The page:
Before proceeding to the merits of the parties' arguments, I first must address the effect of my opinion and order denying plaintiffs' motion for a preliminary injunction, Tadros v. Wilmington Trust, Nat'l, Ass's, 2018 WL 1924464 (D. Or. Apr. 23, 2018). In that order, I made factual findings about the evidence submitted by the parties. In its reply in support of the motion to dismiss, Wilmington relies on several of those findings. But I have not taken those factual findings into account in resolving this motion. When a motion to dismiss is filed after a preliminary injunction dispute, the court has two choices. One option is to ignore the evidence in the preliminary injunction record (as well as any findings made on the basis of that evidence) and constrain review to the complaint, documents incorporated into the complaint by reference, and matters of which a court may take judicial notice. See Tellabs, Inc. v. Makor Issues & Rights, Ltd., 551 U.S. 308, 322 (2007) (summarizing the documents a court generally may consider when adjudicating a 12(b)(6) motion). Alternatively, the court may-with notice to the parties- consider the evidence in the preliminary injunction record, thereby converting the motion to dismiss into a motion for summary judgment. See Fed. R. Civ. P. 12(d) ("If, on a motion under Rule 12(b)(6) or 12(c), matters outside the pleadings are presented to and not excluded by the court, the motion must be treated as one for summary judgment under Rule 56.").

         Here, it is appropriate to take the first approach. Because "haste ... is often necessary" in deciding whether to grant a preliminary injunction, such relief "is customarily granted [or denied] on the basis of procedures that are less formal and evidence that is less complete then in a trial on the merits[.]" Univ. of Tex. v. Camenisch, 451 U.S. 390, 395 (1981). Critically, discovery in this case is not yet complete and plaintiffs vigorously contend that Wilmington has refused to turn over relevant evidence; thus, converting the motion to one for summary judgment risks prejudicing plaintiffs, who do not have access to defendants' files. Accordingly, I have considered only the following documents in making this decision: the Corrected Amended Complaint; the deed of trust on the property, first recorded in Clackamas County on August 25, 2006; the first assignment of that deed of trust, recorded in Clackamas County on December 19, 2011; the second assignment of that deed of trust, recorded in Clackamas County on June 5, 2017; and all filings in the bankruptcy proceeding In re Tadros, No. 12-34441-dwh 13 (Bankr. D. Or.). The deed of trust, two assignments, and bankruptcy court filings are all appropriate subjects of judicial notice under Federal Rule of Evidence 201(b)(2), See Reyn's Pasta Bella, LLC v. Visa USA, Inc., 442 F.3d 741, 746 n.6 (9th Cir. 2006) ("We may take judicial notice of court filings and other matters of public record."). In addition, the Corrected Amended Complaint incorporates and relies upon the deed of trust and the two assignments.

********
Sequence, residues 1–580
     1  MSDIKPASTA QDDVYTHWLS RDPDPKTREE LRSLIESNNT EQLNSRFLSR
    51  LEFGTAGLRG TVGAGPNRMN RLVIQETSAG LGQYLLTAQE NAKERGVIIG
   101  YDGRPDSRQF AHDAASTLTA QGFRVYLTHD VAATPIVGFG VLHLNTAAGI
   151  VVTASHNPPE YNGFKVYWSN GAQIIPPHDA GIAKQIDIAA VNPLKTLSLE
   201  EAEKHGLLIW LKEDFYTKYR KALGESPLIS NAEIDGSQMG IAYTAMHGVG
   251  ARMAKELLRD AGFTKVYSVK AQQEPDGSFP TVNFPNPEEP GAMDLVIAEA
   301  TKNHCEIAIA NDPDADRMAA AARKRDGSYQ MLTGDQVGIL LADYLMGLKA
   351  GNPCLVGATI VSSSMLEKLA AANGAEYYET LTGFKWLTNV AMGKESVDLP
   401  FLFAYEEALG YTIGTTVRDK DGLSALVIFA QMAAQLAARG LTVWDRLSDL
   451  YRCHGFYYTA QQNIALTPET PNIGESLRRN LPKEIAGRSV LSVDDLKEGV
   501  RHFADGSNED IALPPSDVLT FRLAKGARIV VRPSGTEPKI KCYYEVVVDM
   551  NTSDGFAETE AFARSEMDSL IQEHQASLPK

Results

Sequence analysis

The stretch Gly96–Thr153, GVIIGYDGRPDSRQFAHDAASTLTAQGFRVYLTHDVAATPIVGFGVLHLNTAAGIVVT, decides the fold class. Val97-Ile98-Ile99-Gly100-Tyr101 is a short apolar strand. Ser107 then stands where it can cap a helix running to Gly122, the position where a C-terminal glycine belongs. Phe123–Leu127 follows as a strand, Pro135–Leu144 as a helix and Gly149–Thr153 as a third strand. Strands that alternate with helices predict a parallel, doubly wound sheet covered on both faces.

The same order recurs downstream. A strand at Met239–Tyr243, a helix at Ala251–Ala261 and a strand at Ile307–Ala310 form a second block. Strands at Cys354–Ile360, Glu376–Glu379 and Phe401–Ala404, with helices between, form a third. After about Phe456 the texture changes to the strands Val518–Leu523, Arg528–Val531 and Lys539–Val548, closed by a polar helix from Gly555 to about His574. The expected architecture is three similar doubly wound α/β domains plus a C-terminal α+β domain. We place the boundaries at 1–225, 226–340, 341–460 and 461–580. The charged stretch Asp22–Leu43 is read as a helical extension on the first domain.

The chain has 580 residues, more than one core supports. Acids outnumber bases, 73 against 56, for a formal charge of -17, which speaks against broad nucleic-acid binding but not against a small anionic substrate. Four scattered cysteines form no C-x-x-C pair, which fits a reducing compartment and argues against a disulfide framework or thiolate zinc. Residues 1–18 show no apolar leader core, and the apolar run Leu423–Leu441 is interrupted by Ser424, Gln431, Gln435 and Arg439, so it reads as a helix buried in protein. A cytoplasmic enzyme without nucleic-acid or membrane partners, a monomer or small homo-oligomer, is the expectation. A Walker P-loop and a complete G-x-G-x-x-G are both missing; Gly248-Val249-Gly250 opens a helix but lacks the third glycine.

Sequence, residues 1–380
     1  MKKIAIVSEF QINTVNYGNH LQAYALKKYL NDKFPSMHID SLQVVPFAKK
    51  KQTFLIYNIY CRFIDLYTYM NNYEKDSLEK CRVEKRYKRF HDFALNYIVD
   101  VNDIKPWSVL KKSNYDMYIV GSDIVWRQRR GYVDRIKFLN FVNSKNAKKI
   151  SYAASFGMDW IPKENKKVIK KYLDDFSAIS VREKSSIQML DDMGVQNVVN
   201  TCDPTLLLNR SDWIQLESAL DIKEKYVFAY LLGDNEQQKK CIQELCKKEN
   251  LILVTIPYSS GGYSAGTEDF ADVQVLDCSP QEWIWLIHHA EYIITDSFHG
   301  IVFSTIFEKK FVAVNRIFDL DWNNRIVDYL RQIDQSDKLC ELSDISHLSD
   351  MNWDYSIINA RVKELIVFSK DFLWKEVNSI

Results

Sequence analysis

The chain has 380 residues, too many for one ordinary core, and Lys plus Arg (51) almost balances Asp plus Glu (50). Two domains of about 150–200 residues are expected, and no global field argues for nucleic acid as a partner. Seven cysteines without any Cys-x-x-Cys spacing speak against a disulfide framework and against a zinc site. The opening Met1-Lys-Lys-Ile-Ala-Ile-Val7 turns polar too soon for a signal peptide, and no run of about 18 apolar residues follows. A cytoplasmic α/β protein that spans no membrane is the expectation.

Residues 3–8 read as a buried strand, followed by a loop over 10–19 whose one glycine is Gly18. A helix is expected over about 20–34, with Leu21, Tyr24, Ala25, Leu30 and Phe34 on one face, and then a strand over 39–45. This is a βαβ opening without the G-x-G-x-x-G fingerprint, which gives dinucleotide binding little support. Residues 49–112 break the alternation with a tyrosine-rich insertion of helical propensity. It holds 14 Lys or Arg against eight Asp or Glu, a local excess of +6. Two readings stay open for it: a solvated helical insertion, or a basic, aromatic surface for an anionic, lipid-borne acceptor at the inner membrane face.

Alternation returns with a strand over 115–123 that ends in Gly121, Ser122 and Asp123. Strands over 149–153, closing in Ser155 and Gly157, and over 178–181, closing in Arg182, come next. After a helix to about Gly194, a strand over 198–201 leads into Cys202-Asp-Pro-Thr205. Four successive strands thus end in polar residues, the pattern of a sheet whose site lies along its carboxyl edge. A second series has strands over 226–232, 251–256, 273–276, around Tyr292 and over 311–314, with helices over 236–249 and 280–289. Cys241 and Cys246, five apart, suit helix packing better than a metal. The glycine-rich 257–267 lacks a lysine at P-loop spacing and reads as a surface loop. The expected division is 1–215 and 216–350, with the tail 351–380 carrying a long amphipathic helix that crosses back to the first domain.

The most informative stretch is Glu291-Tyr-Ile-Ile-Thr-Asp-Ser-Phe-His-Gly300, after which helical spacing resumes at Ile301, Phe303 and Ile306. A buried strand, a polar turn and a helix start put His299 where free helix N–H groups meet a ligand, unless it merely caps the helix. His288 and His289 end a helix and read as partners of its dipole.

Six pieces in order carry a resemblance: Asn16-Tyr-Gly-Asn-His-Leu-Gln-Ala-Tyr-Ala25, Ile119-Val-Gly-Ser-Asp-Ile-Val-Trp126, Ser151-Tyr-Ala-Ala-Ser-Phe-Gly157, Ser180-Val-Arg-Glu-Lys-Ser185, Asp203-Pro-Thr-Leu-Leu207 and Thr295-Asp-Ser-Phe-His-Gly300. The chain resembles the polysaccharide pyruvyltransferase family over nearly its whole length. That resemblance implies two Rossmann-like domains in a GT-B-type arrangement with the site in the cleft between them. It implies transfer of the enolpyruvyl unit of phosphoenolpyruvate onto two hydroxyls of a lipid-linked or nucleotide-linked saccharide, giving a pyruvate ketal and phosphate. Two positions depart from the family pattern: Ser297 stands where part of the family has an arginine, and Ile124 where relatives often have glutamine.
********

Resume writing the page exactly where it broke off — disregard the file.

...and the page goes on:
I. Res Judicata Effect of the Bankruptcy Court's Orders

         Defendants argue that all plaintiffs claims must be dismissed with prejudice under the doctrine of res judicata. That doctrine, also known as claim preclusion, "bars all grounds for recovery that could have been asserted, whether they were or not, in a prior suit between the same parties on the same cause of action." Siegel v. Fed. Home Loan Mortg, Corp.,143 F.3d 525, 528-29 (9th Cir. 1998) (alterations normalized) (emphasis in original). Res judicata applies to matters decided in bankruptcy, ...